RotatingWallVelocity Boundary Condition: mathematical and physical explanation?

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 June 19, 2015, 07:27 RotatingWallVelocity Boundary Condition: mathematical and physical explanation? #1 New Member   Join Date: Jun 2015 Posts: 1 Rep Power: 0 Dear All Foamers, I am using the 'rotatingWallVelocity' boundary condition for a rotating device. The description of the boundary condition available in OpenFOAM is; "Replaces the normal of the patch value so the flux across the patch is zero" I would appreciate if someone could explain how this type of boundary condition actually takes place, both from a mathematical point of view and from a physical point of view. In particular, I am curious on how the effect of the boundary condition is reflected on the flow field around the patch. Many thanks in advance!

November 11, 2015, 23:29
#2
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methma Rajamuni
Join Date: Jul 2015
Location: Victoria, Australia
Posts: 32
Rep Power: 2
Quote:
 Originally Posted by MrScience Dear All Foamers, I am using the 'rotatingWallVelocity' boundary condition for a rotating device. The description of the boundary condition available in OpenFOAM is; "Replaces the normal of the patch value so the flux across the patch is zero" I would appreciate if someone could explain how this type of boundary condition actually takes place, both from a mathematical point of view and from a physical point of view. In particular, I am curious on how the effect of the boundary condition is reflected on the flow field around the patch. Many thanks in advance!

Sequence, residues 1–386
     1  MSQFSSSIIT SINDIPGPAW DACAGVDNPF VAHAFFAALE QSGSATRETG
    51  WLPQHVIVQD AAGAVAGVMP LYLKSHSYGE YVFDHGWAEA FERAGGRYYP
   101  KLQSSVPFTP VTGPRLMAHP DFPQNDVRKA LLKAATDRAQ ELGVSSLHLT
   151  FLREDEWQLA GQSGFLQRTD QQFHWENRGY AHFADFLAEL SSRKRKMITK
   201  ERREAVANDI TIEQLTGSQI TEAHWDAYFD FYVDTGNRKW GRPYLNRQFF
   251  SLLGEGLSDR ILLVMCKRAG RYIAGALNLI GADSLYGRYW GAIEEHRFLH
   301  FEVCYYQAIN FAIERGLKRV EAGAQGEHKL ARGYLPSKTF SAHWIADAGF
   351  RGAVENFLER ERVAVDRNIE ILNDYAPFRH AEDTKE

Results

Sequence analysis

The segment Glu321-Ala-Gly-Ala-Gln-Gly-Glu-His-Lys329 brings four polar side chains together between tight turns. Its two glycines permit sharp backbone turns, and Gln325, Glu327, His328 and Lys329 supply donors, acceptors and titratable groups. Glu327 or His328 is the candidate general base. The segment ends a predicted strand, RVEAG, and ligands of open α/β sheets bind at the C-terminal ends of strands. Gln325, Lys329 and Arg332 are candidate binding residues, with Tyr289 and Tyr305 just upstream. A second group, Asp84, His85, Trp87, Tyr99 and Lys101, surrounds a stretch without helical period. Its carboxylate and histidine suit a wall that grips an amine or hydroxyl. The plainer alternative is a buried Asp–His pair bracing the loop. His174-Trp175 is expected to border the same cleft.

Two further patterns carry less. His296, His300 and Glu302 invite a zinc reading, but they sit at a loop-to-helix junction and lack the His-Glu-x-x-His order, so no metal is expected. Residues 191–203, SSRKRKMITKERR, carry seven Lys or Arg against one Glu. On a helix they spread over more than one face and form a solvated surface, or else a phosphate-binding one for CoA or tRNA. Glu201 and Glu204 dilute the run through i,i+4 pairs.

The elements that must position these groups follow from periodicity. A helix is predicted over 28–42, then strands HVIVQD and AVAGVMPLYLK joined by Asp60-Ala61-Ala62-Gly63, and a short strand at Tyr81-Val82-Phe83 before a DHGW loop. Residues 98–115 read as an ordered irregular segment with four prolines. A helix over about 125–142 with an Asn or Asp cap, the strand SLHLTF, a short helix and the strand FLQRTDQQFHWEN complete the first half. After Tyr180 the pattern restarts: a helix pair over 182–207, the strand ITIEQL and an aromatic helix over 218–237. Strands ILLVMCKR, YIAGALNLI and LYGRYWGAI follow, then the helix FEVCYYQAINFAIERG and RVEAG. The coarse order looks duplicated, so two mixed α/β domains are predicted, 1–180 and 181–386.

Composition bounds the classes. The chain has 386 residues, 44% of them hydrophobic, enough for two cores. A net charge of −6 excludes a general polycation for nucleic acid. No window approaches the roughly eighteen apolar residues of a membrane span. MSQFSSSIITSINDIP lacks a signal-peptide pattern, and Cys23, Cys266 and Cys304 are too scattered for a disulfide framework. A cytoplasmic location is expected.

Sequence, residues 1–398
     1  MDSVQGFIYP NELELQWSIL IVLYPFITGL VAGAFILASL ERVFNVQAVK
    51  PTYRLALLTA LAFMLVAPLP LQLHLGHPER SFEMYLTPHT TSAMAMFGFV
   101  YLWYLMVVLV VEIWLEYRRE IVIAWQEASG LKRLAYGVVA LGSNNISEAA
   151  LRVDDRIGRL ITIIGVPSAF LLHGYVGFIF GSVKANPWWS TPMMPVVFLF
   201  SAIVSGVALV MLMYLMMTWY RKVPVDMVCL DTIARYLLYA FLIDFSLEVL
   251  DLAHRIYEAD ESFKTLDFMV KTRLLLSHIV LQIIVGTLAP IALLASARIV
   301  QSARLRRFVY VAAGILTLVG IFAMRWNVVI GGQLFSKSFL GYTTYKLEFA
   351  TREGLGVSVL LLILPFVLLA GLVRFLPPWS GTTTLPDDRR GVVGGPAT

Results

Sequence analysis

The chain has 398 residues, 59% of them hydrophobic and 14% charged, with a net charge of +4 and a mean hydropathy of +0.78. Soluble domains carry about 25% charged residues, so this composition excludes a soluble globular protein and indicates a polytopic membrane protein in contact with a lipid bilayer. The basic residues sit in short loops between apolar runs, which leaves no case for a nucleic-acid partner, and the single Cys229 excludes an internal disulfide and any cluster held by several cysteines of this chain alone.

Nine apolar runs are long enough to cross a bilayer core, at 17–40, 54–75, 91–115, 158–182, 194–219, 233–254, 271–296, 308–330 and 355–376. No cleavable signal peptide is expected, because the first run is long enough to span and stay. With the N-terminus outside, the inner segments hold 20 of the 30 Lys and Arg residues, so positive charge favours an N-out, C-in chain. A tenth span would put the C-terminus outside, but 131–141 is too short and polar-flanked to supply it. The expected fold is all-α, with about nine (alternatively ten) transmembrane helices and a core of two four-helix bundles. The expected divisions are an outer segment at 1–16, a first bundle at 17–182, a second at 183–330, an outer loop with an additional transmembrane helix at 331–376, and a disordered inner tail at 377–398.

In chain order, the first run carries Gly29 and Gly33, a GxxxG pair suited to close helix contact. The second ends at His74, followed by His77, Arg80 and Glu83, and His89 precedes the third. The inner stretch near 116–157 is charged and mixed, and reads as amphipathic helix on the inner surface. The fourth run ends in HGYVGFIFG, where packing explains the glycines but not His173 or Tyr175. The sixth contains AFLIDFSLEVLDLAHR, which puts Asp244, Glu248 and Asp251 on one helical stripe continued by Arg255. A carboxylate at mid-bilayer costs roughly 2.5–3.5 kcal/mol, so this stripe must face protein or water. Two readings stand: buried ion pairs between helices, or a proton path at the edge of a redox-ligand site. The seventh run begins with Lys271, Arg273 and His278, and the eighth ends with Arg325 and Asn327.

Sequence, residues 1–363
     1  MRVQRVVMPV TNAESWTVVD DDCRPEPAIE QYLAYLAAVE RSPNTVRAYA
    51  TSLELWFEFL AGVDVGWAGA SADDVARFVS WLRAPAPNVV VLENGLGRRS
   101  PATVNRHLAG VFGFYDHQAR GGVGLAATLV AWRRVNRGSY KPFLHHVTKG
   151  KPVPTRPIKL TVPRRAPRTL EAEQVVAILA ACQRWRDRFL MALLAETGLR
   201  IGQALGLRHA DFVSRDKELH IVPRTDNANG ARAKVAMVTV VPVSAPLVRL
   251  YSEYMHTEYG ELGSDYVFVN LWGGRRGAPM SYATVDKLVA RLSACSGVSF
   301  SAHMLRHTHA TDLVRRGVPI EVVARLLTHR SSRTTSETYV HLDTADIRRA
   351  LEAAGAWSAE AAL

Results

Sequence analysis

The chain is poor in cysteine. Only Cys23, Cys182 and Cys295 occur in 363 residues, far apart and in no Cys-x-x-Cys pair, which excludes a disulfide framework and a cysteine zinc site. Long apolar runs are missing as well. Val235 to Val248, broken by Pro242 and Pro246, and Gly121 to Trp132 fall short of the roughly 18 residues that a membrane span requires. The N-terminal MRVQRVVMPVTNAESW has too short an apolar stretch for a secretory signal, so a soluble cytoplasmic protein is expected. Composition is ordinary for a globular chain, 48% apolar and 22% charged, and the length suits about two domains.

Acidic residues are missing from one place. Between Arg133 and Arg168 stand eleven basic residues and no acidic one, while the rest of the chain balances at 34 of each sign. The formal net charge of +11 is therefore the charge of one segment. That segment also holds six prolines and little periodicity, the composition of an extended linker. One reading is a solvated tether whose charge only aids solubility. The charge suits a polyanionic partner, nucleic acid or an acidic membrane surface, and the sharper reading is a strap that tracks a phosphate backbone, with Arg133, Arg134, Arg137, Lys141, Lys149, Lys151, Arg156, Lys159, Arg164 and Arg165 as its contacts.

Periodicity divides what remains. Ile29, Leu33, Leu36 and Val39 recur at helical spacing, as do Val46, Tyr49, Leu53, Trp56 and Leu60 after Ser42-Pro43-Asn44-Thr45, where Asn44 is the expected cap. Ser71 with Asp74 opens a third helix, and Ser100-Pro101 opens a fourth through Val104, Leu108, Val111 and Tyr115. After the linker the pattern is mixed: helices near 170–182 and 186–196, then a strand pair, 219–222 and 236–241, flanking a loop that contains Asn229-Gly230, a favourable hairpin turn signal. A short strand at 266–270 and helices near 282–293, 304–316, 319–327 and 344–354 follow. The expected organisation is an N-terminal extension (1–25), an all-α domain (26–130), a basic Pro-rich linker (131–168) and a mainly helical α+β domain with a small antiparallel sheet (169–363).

Hi,

If you look at the rotatingWallVelocityFvPatchVectorField.C file you will see how they have done it mathematically. Usually a boundary condition is updated in the member function updateCoeffs().

Code:
```void Foam::rotatingWallVelocityFvPatchVectorField::updateCoeffs()
{
if (updated())
{
return;
}

const scalar t = this->db().time().timeOutputValue();
scalar om = omega_->value(t);

// Calculate the rotating wall velocity from the specification of the motion
const vectorField Up
(
(-om)*((patch().Cf() - origin_) ^ (axis_/mag(axis_)))
);

// Remove the component of Up normal to the wall
// just in case it is not exactly circular
const vectorField n(patch().nf());
vectorField::operator=(Up - n*(n & Up));

fixedValueFvPatchVectorField::updateCoeffs();
}```
according to the angular velocity, omega and the axis of rotation they calculate the surface velocities on the patch.
Surface velocity of a cell face, Up = omega * (radius x axis), where radius = (patch().Cf() - origin_). radius x axis, '(patch().Cf() - origin_) ^ (axis_/mag(axis_))' give the direction of the velocity.

The they corrected Up if it is not tangential to the surface, by removing the component of Up along the normal direction to the surface. where n.Up (n & Up) give the magnitude along the normal direction.

In the physical point of view this is a no-slip boundary condition which assume the velocity on the surface of the patch is same as the velocity on the wall. This boundary condition is a no-penetration boundary condition as well since fluid particle do not penetrate to the wall because no flow velocity on the surface normal direction.

Best,

Methma

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